Med Lett Drugs Ther. 1991 Sep 6;33(852):85-6 | Show Full IntroductionHide Full Introduction

Altretamine For Ovarian Cancer

   
The Medical Letter on Drugs and Therapeutics • August 9, 1991;  (Issue 850)
Altretamine (Hexalen - US Bioscience; Hexastat - Rh ne-Poulenc in Canada), formerly known only by its chemical name, hexamethylmelamine, was recently approved by the US Food and Drug Administration as a...
Altretamine (Hexalen - US Bioscience; Hexastat - Rh ne-Poulenc in Canada), formerly known only by its chemical name, hexamethylmelamine, was recently approved by the US Food and Drug Administration as a single agent for palliative oral treatment of persistent or recurrent ovarian cancer.
Med Lett Drugs Ther. 1991 Aug 9;33(850):76-7 | Show Full IntroductionHide Full Introduction

Granulocyte Colony-Stimulating Factors

   
The Medical Letter on Drugs and Therapeutics • June 28, 1991;  (Issue 847)
The US Food and Drug Administration recently approved the marketing of G-CSF (recombinant human granulocyte colony-stimulating factor, generic name filgrastim, Neupogen - Amgen) and GM-CSF (recombinant human...
The US Food and Drug Administration recently approved the marketing of G-CSF (recombinant human granulocyte colony-stimulating factor, generic name filgrastim, Neupogen - Amgen) and GM-CSF (recombinant human granulocyte-macrophage colony-stimulating factor, generic name sargramostim, Leukine - Immunex, Prokine - Hoechst-Roussel). G-CSF is approved for use after cancer chemotherapy in patients with non-myeloid malignancies to decrease the incidence of infection. GM-CSF is approved for acceleration of myeloid recovery after autologous bone marrow transplantation in non-Hodgkin's lymphoma, Hodgkin's disease, and acute lymphoblastic leukemia.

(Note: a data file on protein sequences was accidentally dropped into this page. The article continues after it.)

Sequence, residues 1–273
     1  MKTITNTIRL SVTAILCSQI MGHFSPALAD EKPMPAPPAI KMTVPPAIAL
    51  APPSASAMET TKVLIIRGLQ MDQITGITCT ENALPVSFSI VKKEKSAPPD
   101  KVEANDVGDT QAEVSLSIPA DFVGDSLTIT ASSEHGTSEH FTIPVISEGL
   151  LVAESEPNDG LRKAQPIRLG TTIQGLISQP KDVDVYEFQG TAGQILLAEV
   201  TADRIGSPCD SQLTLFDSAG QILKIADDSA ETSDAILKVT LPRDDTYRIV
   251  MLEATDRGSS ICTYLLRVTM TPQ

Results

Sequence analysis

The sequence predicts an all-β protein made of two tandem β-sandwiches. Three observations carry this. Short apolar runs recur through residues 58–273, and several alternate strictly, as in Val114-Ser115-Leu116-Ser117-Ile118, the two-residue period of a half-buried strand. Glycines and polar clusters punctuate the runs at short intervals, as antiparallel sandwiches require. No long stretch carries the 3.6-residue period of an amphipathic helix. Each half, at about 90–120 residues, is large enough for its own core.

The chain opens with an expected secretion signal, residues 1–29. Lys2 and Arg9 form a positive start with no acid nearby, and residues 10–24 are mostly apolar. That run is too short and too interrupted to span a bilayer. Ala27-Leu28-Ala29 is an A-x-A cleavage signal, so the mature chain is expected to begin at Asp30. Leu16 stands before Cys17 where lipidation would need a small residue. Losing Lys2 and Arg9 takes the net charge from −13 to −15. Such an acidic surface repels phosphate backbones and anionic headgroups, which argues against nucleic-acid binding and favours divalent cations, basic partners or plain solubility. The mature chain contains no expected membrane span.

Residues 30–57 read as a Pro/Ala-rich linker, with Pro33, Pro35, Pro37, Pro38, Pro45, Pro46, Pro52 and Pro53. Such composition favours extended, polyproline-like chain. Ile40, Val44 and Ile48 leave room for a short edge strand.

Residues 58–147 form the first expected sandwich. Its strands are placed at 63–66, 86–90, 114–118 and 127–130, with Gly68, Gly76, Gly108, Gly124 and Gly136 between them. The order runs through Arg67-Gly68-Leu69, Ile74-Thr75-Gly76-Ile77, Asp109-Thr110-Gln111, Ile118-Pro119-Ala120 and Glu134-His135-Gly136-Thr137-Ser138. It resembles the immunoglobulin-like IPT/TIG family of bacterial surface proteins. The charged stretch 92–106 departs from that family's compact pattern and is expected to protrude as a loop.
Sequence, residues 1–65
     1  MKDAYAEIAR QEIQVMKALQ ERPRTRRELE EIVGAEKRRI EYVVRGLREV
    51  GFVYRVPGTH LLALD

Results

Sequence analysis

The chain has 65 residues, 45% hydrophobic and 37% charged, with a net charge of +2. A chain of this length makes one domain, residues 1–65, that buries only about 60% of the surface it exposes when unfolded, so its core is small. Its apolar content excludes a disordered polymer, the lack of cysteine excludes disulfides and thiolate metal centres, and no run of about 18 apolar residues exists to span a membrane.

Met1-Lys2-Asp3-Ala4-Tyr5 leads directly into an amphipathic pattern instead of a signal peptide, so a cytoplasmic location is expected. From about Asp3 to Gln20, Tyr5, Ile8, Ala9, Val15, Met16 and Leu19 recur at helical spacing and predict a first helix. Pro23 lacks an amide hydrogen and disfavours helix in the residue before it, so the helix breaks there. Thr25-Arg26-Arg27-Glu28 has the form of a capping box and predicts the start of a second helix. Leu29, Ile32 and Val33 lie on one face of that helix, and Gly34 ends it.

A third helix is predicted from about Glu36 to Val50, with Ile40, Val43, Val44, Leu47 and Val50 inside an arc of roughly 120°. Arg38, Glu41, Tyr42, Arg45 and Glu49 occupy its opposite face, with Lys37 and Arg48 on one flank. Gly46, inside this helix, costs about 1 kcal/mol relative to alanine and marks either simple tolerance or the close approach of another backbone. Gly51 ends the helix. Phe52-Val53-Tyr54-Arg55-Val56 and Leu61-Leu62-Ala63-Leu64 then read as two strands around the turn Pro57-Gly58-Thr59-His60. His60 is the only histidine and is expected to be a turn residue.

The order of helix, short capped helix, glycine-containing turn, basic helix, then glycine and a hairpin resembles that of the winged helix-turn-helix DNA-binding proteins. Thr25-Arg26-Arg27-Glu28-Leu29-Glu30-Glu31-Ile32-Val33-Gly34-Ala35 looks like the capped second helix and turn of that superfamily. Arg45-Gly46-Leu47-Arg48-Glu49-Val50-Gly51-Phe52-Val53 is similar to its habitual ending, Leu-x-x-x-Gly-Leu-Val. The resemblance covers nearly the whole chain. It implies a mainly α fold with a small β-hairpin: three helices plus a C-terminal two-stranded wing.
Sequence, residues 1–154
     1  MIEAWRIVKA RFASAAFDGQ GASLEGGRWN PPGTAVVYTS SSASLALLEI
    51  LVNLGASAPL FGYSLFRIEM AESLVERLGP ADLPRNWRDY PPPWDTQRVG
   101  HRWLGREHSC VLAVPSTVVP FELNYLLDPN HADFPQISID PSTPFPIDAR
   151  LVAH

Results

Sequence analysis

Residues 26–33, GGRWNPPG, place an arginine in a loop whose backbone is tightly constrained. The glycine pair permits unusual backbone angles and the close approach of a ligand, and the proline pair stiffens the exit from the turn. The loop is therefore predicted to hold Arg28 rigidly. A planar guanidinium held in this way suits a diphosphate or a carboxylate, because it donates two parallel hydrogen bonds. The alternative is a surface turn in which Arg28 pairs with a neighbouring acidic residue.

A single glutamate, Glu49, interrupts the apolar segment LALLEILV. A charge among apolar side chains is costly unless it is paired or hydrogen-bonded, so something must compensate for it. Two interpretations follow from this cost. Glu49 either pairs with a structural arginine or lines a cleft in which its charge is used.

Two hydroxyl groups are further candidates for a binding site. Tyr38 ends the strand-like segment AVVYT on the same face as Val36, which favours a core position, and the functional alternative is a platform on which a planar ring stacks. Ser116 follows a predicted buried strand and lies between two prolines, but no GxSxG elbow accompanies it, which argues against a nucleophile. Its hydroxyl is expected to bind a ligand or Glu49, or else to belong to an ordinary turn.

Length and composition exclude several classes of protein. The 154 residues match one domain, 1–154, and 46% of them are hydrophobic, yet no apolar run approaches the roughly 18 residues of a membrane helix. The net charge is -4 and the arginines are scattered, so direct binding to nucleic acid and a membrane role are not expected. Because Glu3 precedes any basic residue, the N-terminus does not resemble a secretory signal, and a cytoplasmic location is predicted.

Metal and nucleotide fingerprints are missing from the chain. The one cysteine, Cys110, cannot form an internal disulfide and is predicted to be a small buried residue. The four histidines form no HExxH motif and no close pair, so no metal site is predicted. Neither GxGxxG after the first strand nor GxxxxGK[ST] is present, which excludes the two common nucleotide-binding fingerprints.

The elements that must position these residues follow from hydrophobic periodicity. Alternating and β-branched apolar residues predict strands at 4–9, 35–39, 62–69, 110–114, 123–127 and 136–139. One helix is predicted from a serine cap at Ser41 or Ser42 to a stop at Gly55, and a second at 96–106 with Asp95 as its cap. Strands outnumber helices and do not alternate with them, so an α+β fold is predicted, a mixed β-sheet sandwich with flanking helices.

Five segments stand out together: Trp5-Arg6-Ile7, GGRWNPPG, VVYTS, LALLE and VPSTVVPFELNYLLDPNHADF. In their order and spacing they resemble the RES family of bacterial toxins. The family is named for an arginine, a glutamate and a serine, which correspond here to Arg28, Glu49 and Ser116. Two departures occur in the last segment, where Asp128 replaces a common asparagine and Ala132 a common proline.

Med Lett Drugs Ther. 1991 Jun 28;33(847):61-3 | Show Full IntroductionHide Full Introduction

Ondansentron To Prevent Vomiting After Cancer Chemotherapy

   
The Medical Letter on Drugs and Therapeutics • June 28, 1991;  (Issue 847)
Ondansetron (on dan' se tron; Zofran - Glaxo), a serotonin (5-hydroxytryptamine) antagonist, was recently marketed in the USA for intravenous use to prevent nausea and vomiting due to cancer chemotherapy. An...
Ondansetron (on dan' se tron; Zofran - Glaxo), a serotonin (5-hydroxytryptamine) antagonist, was recently marketed in the USA for intravenous use to prevent nausea and vomiting due to cancer chemotherapy. An oral formulation is available in many other countries.
Med Lett Drugs Ther. 1991 Jun 28;33(847):63-4 | Show Full IntroductionHide Full Introduction

Autologous Bone marrow Transplantation For Advanced Breast Cancer